Dart the humans. Leave them where they fall.

Zero Repeat Forever by Gabrielle Prendergast felt very Rick Yancey's 5th Wave-ish, but with a twist. Raven, our 16 year old protagonist, finds herself amidst total chaos. While at summer camp, the Nahx begin to invade earth, destroying civilization as we knew it and taking control of planet Earth. Stuck in the middle of nowhere, Raven and her friends must find shelter and learn to survive during this dire time, that is until her boyfriend is killed by a Nahx, and she then finds herself completely helpless and unsure of what to do. Overall, I really loved Raven. She wasn't the first character to truly captivate me in Zero Repeat Forever; I leave that to the wonderful Eighth, however she was a character I slowly grew to respect and enjoy. Raven faces many stigmas in the world, and in society, prior to the Nahx invasion, so seeing her cope with all that AND learn to become a strong and cunning survivor was absolutely incredible. Furthermore, as I mentioned earlier, Eighth completely captivated me right from the beginning. He was lovable, in an odd way, and I was far more captivated with what was going on with him than with anyone else. Together, both Raven and Eighth's dialogue made a winning combination, and I'm glad to say that Gabrielle Prendergast certainly created a showstopper with the duo.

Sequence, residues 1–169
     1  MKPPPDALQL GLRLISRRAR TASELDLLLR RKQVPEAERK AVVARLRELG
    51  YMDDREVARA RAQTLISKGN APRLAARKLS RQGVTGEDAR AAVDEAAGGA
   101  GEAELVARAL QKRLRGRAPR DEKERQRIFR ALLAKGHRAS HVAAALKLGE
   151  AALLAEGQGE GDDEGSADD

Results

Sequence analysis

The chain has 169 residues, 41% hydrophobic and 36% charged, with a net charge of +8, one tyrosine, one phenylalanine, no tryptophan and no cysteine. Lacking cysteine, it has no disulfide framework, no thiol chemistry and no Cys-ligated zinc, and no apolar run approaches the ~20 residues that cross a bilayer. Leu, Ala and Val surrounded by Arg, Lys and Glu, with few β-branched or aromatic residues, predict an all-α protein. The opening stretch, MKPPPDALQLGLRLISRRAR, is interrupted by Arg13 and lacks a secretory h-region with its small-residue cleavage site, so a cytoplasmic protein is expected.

All in all, Zero Repeat Forever was a mind blowing experience. It was slow paced but intense. Fear leaped from it's pages, and I cringed and hoped along with all of it's characters. Even through all that, it wasn't until I hit the very last page, when I started demanding the next installment in the Nahx series miraculously land in my lap. If only! YA fans - Zero Repeat Forever is a must read. Patience is key with the title, as it does take time for the tale to unravel to it's peak moments, however it becomes oh-so wonderful and addicting in the end.